The Railways in 2020. The Berlin Experience.

Berlin’s main train station the Alexanderplatz

On Tuesday morning we had a couple of meetings in Utrecht and headed by on a 6 hour train journey, via Duisberg, to Berlin. Which gave me time to write the last blog!

With a gross domestic product of more than 2.6 trillion Euros, Germany is the largest economy in Europe and the fifth strongest economy in the world. The country has a strong industrial base and is heavily export orientated. They are the second largest exporter, after China.

Germany was one of the first European countries to emerge from the recession in 2009 with GDP growth of 3.7% in 2010 and about 3% in 2011. The outlook for 2012 is less positive with growth expectations between 0% and 1%.

The German economy is characterised by its small and medium-sized companies. Whilst the big players such as BMW, Daimler, Siemens, Adidas are well-known, approximately 99 % of all companies are SMEs (German SMEs are defined as having up to 500 staff), many of which are hidden global champions in their sub-sector. Most SMEs are family owned and have been passed from one generation to the next.

The overall unemployment rate has consistently fallen since 2005 and reached a 20 year low in December 2011 at 5.5% (ILO rate).

The most recent Federal Election was held in September 2009. Following the success of the CDU/CSU (33%) and the FDP (14.6%), Chancellor Merkel separated from the previous coalition partner (the SPD, which polled 23%), and formed a government with the FDP. The Coalition has 330 of 620 seats in the Bundestag.

All three of the smaller parties in German Parliament achieved their best ever result in a Federal Election: the FDP 14.6%, the Greens 10.7%, the Left Party 11.9%.

In Berlin, we met with members of the German Transport Select Committee and discussed the differences between big Transport schemes in the UK and Germany.

In Germany, there is a very strong citizen’s lobby, which means that governments cannot force through unpopular schemes. All major infrastructure proposals require a local referendum before they are approved.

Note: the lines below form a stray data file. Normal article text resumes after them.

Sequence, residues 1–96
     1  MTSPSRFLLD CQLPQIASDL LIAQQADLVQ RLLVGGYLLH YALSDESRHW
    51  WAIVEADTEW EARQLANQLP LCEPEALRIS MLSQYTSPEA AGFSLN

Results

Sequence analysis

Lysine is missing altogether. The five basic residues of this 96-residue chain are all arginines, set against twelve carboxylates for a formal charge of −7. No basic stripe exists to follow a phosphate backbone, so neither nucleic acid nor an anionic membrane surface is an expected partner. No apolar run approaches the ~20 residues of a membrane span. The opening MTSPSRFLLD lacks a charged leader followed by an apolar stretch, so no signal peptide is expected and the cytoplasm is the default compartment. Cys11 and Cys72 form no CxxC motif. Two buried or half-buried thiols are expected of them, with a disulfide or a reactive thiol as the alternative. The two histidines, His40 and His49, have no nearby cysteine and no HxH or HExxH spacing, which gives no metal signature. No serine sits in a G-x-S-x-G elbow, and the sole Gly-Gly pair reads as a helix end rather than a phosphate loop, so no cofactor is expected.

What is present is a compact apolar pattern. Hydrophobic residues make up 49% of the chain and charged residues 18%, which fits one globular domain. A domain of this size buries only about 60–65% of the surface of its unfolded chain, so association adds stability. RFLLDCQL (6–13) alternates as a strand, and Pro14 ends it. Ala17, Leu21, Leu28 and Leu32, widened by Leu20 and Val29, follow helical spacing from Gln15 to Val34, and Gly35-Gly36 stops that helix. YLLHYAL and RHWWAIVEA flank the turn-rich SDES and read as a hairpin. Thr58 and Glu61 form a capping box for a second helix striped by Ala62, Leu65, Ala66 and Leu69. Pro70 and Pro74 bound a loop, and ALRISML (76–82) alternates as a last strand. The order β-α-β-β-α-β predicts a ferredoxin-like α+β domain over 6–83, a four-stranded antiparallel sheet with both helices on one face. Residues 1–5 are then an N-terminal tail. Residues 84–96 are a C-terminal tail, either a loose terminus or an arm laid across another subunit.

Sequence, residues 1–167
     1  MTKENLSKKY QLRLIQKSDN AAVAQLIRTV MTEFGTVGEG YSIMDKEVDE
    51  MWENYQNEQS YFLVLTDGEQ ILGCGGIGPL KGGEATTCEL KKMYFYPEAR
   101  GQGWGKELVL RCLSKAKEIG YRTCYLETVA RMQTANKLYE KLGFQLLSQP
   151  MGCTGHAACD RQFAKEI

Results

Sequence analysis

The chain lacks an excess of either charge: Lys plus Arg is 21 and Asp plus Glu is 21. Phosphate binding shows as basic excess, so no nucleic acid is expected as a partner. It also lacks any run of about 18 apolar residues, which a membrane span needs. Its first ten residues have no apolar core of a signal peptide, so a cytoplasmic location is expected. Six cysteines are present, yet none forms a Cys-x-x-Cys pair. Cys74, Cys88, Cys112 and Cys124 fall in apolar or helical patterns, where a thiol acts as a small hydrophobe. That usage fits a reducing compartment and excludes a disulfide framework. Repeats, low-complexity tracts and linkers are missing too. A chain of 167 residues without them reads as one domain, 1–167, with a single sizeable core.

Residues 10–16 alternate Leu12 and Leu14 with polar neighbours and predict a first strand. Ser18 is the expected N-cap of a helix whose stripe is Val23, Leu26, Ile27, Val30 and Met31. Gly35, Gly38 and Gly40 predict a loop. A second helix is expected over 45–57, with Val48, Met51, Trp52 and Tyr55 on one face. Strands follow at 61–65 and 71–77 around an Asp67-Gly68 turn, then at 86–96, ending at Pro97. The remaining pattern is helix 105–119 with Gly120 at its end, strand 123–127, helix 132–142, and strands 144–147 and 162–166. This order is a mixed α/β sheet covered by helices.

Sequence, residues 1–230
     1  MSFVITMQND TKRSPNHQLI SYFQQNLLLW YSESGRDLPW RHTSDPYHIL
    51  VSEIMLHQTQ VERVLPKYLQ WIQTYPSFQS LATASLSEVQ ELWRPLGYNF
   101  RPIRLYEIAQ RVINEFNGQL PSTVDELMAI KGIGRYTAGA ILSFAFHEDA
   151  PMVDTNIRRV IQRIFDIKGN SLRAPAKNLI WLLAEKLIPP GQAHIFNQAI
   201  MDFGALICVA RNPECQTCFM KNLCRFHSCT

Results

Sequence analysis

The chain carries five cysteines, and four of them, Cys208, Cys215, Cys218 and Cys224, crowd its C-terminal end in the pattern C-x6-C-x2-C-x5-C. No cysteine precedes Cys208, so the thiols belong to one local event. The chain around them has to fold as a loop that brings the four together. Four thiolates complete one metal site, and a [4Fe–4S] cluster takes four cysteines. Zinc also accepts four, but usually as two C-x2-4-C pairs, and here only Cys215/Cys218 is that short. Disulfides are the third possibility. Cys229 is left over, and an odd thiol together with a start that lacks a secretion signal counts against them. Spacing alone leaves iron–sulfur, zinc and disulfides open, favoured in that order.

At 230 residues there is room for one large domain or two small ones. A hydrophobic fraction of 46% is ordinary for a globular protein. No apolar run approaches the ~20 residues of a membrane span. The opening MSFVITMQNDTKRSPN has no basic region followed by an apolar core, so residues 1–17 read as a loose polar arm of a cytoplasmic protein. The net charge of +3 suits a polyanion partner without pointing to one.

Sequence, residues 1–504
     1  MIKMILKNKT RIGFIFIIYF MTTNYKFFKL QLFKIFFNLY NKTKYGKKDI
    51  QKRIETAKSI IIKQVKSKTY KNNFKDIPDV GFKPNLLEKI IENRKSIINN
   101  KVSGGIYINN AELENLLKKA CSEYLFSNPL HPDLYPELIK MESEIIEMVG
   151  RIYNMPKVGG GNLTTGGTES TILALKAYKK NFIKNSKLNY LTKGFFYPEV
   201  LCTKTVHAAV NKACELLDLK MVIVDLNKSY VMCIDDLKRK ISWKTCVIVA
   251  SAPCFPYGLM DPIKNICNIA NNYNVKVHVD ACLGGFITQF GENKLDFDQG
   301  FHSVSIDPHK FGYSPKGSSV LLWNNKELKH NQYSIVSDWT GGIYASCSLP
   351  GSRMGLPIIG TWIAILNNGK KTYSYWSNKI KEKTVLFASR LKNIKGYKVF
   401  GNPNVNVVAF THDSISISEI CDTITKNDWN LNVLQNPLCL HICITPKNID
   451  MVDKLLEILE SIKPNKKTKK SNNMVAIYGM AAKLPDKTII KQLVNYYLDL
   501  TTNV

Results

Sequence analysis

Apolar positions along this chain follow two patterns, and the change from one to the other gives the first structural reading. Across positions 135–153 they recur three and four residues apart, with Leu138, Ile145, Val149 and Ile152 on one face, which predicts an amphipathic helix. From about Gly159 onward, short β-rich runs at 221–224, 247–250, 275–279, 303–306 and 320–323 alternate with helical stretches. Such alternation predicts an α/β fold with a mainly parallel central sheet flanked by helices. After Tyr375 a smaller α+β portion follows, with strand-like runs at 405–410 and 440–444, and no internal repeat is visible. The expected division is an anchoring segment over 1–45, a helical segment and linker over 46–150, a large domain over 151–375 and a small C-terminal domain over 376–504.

Recently, 54% of Munich’s voters rejected a third runway at their city’s airport. The city’s mayor Christian Ude (SPD), who had supported the building of a third runway, said that although the referendum is legally binding for a year only, he regarded the decision of the city’s voters as final.

Perhaps all this talk of a Macho government forcing through a third runway at Heathrow would be tempered with a binding local referendum!

On Wednesday morning, we met with two German Transport companies, Veolia Verkehr and the biggest Deutsche Bahn (Germany’s state run railway company, and Arriva’s parent company). We discussed how Germany’s Inter City routes (which are open to competition) are too risky for competitors to enter the market. We also discussed the level of integration of their transport network, and the German government’s long term aspiration to tender all routes and privatise DB.

Then we met the staff of Berlin Transport State Secretary (a bit like our Chair of Transport For Greater Manchester), and his Federal equivalent. Like Holland, Germany has a more devolved decision-making process than the UK, which means a more integrated service than the UK.

Following these meetings, we headed to Munich for the second day of our trip to Germany.

One response to “The Railways in 2020. The Berlin Experience.

  1. “We discussed how Germany’s Inter City routes (which are open to competition) are too risky for competitors to enter the market.”
    I’m not sure what you mean here, John. Is there competition or is there not?

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